Six Songs

NPR recently asked its listeners to share “A Life Story In 6 Songs.” The portraits these musical stories paint have been beautiful and tragic and are poignant pictures of regular lives filled with joy and loss and triumph. And I asked myself what songs would sing my life so far. Here’s what I came up with:


One of my earliest memories of freedom was flying down a country Douglasville road with my beloved brother in his souped up, brown Chevy Nova. I was probably five years old. We had the windows down with the wind blowing through our hair, “Ramblin’ Man” was blaring, my parents weren’t there and for maybe the first time I really had a sense of myself as an individual. This song and “rolling down Highway 41” has been tattooed on my heart ever since that day.


As a teenager, “Steppin’ Out” tickled my brain with the promise of city-life, the promise of something bigger and brighter and smarter than Douglasville, Georgia. It helped me imagine a more vast and open-minded world than that of my beloved redneck high school where football players spit Skoal in the radiators and, instead, drew a picture in my brain of a world of nightlife and neon and skylines and sophistication.


At the same time, it seemed Daddy had this tape playing in the Grand Marquis for two years straight – and that was just fine. Willie croons the standards. Beautiful! Even when I was 15. If “Steppin’ Out” gave me visions of bigger things, “Stardust” reminded me of all the places I was so deeply rooted. This one is about Daddy and family and living in the country and riding in the car at night listening to music and watching Momma lay her hand tenderly on the back of Daddy’s neck while he drove and the two of them looking at each other with the love that hadn’t diminished a speck since they met in high school. This has set the standard for all the things I still most deeply desire in my life.


And then I left home and had to try to grow up. And for some reason I didn’t know exactly how to do that. Nobody ever told me it would be so hard, that there would be so much pain and disappointment. And I didn’t know how to handle that either. I went through a time when I was so sad and hurt that I could only listen to angry music – anything else made my heart crack wide open. This “Faith No More” album understood me and I played it over and over again on my commute from Smyrna to Emory every day. And I wept. And I drank. And I quit seminary. And I got kicked out of my apartment by my best friends. And I moved to a shitty apartment in Virginia-Highlands. And I worked part-time. And I was so broke I stole toilet paper from work and counted my change to see if I could afford a Coke and a peanut butter cookie at the end of the week at Stone Soup across the street from the apartment. And I tried with little success to be a band groupie.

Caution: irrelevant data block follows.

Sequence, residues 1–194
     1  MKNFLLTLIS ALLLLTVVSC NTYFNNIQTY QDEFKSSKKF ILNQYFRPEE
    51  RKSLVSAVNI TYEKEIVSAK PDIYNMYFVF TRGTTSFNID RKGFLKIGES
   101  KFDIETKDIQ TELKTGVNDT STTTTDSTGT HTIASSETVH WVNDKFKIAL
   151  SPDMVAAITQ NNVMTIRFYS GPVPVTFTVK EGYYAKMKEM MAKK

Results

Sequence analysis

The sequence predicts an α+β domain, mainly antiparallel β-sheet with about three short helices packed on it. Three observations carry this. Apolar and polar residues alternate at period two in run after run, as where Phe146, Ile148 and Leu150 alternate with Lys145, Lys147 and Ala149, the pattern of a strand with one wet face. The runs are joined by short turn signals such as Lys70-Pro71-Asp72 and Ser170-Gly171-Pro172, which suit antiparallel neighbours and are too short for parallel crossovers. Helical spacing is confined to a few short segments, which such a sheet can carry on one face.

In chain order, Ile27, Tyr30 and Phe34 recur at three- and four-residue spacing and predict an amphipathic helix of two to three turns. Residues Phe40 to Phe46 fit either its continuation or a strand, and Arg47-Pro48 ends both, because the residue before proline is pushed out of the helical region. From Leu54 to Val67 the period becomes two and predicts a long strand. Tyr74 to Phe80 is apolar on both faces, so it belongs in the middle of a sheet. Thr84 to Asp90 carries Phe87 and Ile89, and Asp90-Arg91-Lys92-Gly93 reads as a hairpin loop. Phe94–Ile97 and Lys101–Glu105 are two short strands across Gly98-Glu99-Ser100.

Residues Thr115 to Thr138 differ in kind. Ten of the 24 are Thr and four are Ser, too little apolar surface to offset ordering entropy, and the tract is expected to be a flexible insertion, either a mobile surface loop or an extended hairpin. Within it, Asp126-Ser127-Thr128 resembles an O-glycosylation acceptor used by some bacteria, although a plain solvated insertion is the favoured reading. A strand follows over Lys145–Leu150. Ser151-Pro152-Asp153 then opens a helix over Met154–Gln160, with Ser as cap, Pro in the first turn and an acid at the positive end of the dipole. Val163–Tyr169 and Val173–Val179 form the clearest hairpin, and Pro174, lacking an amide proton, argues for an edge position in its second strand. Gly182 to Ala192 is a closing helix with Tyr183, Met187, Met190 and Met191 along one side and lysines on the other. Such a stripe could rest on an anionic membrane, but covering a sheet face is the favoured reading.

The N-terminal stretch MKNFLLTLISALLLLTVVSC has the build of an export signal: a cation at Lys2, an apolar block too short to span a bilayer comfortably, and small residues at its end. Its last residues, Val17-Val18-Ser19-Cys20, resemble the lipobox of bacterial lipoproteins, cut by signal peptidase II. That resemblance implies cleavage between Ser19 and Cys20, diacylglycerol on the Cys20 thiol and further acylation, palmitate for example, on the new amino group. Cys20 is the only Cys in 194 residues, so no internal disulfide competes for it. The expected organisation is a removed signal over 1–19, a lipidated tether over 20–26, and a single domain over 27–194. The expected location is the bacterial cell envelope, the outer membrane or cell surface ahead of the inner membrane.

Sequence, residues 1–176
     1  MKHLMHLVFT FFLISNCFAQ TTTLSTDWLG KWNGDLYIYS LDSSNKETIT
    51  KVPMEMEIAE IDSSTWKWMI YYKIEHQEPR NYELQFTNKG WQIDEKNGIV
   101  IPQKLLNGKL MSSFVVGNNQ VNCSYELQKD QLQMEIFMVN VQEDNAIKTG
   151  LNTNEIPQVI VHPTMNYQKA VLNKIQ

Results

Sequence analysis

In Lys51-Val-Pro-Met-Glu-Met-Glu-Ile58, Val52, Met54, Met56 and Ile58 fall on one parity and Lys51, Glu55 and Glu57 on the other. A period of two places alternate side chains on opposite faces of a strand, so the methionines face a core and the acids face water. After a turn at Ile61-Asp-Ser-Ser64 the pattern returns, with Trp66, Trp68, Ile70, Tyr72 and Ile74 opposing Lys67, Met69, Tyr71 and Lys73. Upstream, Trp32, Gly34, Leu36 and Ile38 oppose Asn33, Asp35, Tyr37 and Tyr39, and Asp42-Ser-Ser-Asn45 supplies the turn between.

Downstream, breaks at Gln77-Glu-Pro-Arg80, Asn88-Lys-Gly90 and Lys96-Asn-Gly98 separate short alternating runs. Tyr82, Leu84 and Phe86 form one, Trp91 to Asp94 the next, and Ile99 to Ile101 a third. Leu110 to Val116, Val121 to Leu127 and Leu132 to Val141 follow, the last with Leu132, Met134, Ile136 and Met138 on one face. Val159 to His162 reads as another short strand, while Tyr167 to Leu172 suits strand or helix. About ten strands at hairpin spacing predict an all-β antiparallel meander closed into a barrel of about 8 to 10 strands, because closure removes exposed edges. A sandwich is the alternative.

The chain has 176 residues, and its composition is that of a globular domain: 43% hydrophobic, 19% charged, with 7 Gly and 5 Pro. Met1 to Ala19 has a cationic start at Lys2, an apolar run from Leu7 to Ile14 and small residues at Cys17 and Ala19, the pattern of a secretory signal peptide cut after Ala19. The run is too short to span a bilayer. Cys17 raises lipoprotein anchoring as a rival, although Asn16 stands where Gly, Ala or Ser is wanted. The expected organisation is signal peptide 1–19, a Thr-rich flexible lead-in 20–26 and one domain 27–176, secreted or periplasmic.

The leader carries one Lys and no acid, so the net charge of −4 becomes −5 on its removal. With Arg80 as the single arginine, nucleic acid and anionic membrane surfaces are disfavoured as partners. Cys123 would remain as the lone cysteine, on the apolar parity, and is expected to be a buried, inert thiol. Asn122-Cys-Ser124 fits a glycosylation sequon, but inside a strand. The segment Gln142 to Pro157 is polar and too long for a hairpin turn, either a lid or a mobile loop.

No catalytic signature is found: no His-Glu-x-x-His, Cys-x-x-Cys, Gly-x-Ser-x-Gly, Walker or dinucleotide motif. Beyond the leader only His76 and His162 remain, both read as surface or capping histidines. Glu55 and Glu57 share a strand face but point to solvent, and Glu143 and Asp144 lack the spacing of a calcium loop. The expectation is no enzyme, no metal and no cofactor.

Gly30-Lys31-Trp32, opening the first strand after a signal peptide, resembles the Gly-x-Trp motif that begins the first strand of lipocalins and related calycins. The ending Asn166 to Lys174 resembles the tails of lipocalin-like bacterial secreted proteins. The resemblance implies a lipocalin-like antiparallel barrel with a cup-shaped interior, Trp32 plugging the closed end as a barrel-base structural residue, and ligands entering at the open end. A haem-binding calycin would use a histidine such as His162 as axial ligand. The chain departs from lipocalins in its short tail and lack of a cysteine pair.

And then I finally met the man who would marry me, fix me and make everything OK. But he didn’t fix me or make everything OK. And so I left and drank and lived alone and cried and played softball and drank. And then I met another man who I knew probably wouldn’t fix me, but who knew how to show me a good time. And we drank and partied and smoked and watched football and went to awesome parties and went to Judas Priest and Megadeath and Ron White concerts and drank and drank and closed down the Vortex at least one night a week, usually more. Then we’d go home and sit on the balcony and drink some more until it was almost time to get up and go to work. And then I noticed at some point, that it wasn’t such a good time any more.


There have been mountains and valleys since then. Sobriety. Anxiety. Jesus. Depression. Kisses. Heartbreak. But I’m slowly learning to breathe. I’m learning to live for myself and how to do things that make me happy. And I’m learning how to love myself. I’m learning that I deserve to be loved and that it’s safe to be a woman. I’m learning that just because I’ve failed in the past that I don’t have to be afraid to try again. And I’m learning that just because others have failed me in the past that I don’t have to be afraid to trust again. I am seeing that I am strong and beautiful and tenacious and funny and smart. I’m seeing that I’m OK.

These are my songs – so far…. I can’t wait to find out which song will come next!

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3 responses to “Six Songs”

  1. Marvin Osborne says :

    The truth sets us free. You are a good , beautiful, kind, loving, lovable, and so much much more.

  2. Thomas Jones says :

    Sorry, I forget.

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